Breitmoser, Yves and Tan, Jonathan H.W. (2011): Ultimata bargaining: generosity without social motives.
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We show and explain how generosity beyond that explainable by social preferences can manifest in bargaining. We analyze an ultimata game with two parties vying to coalesce with a randomly chosen proposer. They simultaneously demand shares of the surplus. The proposer must then make an offer that meets at least one demand, or else the game either continues with a new round or breaks down with all earning zero. Self-interest, altruism, and inequity aversion univocally predict miniscule demands due to inter-party competition; proposers thus obtain the lion's share. We experimentally observe that proposers coalesce with the less demanding party by strategically matching demands, like ultimatum bargaining, but also give non-strategically to the other party, like dictator giving. The observations are incompatible with concave utilities, as implied by social preferences, but are compatible with reference dependent preferences.
|Item Type:||MPRA Paper|
|Original Title:||Ultimata bargaining: generosity without social motives|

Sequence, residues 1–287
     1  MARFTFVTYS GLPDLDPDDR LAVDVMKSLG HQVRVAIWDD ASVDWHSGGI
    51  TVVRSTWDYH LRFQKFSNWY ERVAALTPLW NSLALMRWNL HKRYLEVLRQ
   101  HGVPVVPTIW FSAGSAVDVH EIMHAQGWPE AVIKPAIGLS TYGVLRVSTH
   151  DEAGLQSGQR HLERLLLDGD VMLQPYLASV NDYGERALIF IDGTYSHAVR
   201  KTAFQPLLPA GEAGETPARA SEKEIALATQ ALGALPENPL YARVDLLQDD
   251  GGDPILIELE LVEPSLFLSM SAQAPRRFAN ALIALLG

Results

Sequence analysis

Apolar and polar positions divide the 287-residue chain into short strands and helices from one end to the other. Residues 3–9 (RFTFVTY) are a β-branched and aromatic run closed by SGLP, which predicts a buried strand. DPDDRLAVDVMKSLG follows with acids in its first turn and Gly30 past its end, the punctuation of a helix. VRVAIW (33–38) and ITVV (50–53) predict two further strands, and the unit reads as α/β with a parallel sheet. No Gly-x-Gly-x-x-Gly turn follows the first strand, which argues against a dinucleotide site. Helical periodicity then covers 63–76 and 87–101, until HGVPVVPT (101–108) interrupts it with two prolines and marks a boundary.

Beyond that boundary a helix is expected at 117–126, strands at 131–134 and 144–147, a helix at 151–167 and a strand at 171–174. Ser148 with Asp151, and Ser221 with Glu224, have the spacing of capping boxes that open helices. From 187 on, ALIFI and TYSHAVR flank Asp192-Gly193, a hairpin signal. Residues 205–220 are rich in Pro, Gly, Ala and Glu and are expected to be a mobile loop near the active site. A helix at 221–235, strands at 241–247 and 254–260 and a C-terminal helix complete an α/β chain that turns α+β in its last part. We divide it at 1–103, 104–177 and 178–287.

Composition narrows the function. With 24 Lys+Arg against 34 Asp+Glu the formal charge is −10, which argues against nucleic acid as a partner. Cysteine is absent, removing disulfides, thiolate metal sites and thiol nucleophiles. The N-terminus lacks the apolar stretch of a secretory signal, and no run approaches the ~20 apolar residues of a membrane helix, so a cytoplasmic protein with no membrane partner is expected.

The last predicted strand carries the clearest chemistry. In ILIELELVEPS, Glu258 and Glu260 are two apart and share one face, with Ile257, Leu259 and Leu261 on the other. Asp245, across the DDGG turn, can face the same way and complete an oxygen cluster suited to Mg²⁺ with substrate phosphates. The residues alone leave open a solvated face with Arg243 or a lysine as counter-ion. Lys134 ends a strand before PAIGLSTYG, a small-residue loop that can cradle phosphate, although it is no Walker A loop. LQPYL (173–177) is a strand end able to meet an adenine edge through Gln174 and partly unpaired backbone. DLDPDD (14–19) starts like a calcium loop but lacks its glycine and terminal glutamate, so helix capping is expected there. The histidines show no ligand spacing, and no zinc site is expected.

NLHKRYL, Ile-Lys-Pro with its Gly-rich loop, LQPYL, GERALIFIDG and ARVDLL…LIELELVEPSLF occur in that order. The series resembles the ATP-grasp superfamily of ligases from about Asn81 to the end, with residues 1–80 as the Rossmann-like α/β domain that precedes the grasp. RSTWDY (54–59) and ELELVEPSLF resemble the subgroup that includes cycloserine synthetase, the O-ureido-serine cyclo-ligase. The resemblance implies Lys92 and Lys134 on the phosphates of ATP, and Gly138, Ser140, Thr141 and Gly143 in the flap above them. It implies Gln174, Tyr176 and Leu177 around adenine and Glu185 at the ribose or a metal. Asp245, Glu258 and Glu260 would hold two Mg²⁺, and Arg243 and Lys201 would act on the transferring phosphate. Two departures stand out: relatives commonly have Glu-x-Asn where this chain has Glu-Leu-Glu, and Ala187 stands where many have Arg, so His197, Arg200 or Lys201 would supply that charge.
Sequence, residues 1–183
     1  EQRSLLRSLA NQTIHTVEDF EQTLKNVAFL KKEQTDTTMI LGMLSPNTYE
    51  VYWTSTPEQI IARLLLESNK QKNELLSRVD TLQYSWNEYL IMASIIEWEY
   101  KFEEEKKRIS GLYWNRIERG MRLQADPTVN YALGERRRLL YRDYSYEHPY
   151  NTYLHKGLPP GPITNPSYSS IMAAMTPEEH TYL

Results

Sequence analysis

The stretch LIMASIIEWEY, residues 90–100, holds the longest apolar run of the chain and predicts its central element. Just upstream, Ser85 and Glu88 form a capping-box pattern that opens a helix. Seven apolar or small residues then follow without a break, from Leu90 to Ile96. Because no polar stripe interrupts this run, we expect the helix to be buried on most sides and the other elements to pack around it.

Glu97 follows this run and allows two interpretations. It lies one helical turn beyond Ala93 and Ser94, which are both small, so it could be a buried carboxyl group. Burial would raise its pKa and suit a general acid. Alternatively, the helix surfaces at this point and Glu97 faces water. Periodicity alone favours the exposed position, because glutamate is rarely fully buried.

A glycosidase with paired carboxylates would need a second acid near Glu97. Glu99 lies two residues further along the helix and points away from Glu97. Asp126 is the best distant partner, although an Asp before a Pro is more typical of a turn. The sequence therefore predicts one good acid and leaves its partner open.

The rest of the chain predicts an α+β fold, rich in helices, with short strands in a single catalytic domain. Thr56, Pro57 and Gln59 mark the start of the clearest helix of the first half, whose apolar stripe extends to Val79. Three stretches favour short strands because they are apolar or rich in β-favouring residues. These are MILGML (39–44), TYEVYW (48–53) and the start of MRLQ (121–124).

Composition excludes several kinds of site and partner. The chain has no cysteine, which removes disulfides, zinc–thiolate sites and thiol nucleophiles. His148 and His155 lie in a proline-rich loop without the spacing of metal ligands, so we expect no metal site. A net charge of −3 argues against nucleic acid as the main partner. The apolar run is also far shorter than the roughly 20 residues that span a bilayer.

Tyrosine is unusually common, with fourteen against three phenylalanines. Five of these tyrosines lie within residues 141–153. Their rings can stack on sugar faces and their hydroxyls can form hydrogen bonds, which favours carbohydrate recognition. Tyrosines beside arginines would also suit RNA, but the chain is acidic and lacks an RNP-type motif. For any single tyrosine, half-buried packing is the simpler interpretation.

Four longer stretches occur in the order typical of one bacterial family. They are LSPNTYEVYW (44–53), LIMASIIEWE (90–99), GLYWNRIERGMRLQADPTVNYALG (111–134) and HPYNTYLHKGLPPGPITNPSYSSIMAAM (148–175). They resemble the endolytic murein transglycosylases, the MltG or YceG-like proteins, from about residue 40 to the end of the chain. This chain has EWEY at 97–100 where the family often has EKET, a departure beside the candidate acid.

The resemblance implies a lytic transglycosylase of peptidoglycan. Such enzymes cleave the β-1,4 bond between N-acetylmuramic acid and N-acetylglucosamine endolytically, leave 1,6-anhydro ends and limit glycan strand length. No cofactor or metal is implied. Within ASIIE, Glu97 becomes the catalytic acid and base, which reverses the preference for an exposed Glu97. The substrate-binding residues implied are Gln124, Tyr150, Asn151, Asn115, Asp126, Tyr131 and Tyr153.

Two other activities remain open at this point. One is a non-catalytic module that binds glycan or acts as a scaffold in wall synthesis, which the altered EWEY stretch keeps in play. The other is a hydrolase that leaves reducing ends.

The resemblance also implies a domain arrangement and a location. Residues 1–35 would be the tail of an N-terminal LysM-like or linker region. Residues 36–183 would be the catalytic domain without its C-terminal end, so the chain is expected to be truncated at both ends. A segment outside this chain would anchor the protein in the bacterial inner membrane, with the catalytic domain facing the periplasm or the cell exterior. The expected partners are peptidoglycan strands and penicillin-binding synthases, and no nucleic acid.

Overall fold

|Keywords:||demand commitment, ultimata bargaining, non-cooperative, laboratory experiment, social preferences, reference dependence|
|Subjects:||C - Mathematical and Quantitative Methods > C7 - Game Theory and Bargaining Theory > C78 - Bargaining Theory; Matching Theory
D - Microeconomics > D7 - Analysis of Collective Decision-Making > D72 - Political Processes: Rent-Seeking, Lobbying, Elections, Legislatures, and Voting Behavior
C - Mathematical and Quantitative Methods > C7 - Game Theory and Bargaining Theory > C72 - Noncooperative Games
C - Mathematical and Quantitative Methods > C9 - Design of Experiments > C91 - Laboratory, Individual Behavior
|Depositing User:||Yves Breitmoser|
|Date Deposited:||22. Sep 2011 13:13|
|Last Modified:||17. Feb 2013 01:40|
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